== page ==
Randolph B. 'Mike' Campbell, Professor Emeritus of history -- who redefined the model for grassroots research in the field and changed the way Texas' past is understood -- died Aug. 13. He retired in 2019 after teaching at UNT for 53 years.
“He served as a leading force in transforming the UNT history department into a research powerhouse, an exemplar of compassionate teaching and an incubator of innovative graduate teaching,” history professor Andrew Torget said in a statement.
Earning his bachelor’s, master’s and Ph.D. from the University of Virginia, Dr. Campbell taught at Virginia Tech before coming to UNT in 1966.
And it was here that he left his mark as a teacher and as a historian.
“Campbell’s greatest legacy may have been his teaching and mentoring,” Torget wrote. “Virtually no one could hold a lecture hall in rapt attention like Campbell, and his massive sections of U.S. history were frequently oversubscribed with eager students.”
In 1988, Campbell was named Regents Professor. And, in 2013, he received two big honors -- he was named the inaugural Lone Star Chair in Texas History and he received the UNT Foundation Eminent Faculty Award, honoring outstanding and sustained contributions to scholarly creative activity, teaching and service.
"The key to teaching and being a historian is not just knowing the material,” Campbell said upon receiving his award. “It's a matter of constantly trying to draw people into the material and letting them know that it matters. I think I'm a better teacher because I'm a researcher and I'm a better researcher because I'm a teacher."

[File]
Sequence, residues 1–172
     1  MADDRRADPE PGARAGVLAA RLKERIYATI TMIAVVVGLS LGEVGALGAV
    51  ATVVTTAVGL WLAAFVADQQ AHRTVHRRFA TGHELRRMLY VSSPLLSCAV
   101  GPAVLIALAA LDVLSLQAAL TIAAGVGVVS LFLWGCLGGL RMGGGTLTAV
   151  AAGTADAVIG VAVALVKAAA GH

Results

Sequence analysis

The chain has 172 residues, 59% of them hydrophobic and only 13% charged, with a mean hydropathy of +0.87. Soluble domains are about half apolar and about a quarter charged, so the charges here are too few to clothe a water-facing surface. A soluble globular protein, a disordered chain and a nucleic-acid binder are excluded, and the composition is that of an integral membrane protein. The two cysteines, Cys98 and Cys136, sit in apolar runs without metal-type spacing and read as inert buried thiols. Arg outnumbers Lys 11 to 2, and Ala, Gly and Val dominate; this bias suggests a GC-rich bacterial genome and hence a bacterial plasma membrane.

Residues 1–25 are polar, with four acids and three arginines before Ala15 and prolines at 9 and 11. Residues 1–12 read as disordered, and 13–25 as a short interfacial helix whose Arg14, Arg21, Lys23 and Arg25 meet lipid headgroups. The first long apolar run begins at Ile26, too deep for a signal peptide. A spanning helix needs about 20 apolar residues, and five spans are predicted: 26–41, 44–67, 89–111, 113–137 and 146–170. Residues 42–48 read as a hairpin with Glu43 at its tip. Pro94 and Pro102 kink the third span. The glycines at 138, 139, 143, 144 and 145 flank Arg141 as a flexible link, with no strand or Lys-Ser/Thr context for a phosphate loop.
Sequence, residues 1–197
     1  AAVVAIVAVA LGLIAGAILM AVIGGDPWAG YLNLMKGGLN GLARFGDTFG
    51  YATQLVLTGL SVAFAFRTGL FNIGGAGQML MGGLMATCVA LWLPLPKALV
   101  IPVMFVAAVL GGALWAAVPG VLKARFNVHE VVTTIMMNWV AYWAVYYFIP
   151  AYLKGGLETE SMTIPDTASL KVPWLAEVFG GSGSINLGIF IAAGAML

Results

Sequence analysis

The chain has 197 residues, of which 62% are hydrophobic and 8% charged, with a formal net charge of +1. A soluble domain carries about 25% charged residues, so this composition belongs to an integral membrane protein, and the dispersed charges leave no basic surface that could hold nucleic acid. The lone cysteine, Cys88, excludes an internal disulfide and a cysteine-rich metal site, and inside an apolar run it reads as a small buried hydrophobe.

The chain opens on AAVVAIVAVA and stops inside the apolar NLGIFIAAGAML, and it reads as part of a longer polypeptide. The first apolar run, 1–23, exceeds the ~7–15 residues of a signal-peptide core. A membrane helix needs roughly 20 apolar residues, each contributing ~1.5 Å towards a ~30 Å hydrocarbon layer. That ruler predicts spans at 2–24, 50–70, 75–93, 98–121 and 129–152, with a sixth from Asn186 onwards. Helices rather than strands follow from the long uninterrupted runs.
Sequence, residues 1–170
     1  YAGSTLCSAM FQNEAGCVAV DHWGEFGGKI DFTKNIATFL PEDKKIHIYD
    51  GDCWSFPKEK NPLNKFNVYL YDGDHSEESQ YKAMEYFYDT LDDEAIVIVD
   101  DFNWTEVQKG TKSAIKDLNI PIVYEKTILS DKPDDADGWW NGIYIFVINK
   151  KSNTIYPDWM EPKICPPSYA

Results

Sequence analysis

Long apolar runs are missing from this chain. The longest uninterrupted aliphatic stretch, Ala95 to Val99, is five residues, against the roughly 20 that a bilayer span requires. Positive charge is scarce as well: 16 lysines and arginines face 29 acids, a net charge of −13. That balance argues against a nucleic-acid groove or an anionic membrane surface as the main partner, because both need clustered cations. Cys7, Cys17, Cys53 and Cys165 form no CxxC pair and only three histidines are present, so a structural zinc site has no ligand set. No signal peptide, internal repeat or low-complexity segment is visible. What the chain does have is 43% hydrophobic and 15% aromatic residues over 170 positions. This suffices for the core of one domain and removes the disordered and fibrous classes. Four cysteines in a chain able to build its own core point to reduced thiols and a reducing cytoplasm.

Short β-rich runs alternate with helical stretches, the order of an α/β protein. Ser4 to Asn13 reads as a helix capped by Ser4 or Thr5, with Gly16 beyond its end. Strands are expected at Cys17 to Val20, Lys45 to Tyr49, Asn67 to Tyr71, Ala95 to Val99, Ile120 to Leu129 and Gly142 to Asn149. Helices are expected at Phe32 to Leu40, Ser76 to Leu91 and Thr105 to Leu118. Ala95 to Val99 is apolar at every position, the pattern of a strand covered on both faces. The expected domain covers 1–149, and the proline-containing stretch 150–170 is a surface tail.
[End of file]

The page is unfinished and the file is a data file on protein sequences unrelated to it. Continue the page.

He would research the lives of everyday people by digging through records in county courthouses and local archives, Torget said, and his iconic work examined Texas' connection to the South, including the history and legacy of slavery in the state.
Campbell’s published books include:
- Gone to Texas: A History of the Lone Star State
- Wealth and Power in Antebellum Texas, with UNT colleague Richard G. Lowe
- A Southern Community in Crisis: Harrison County Texas, 1850-1880
- An Empire for Slavery: The Peculiar Institution in Texas, 1821-1865
- Sam Houston and the American Southwest
- Grass-Roots Reconstruction in Texas, 1865-1880
A collection of essays written by historians honoring his work, This Corner of Canaan: Essays on Texas in Honor of Randolph B. Campbell, was published in 2013.
He was active in the Texas State Historical Association, which he served as president from 1993 to 1994 and as the first chief historian from 2008 to 2017; wrote dozens of entries for its Handbook of Texas and revised or reviewed thousands more. His duties included spearheading projects such as the Southwestern Historical Quarterly, Handbook of Civil War Texas, Handbook of African American Texas and Handbook of Tejano History.
He also was a fellow of the Texas Philosophical Society, the Texas Institute of Letters and the East Texas Historical Association.
He was preceded in death by his wife, Diana Campbell, who was a staffer at UNT, mostly working in the dean’s office in the College of Arts and Sciences.
Memorial services will take place from 10 a.m. to noon Saturday, Aug. 20, at DeBerry Funeral Home, 2025 W. University Dr. in Denton.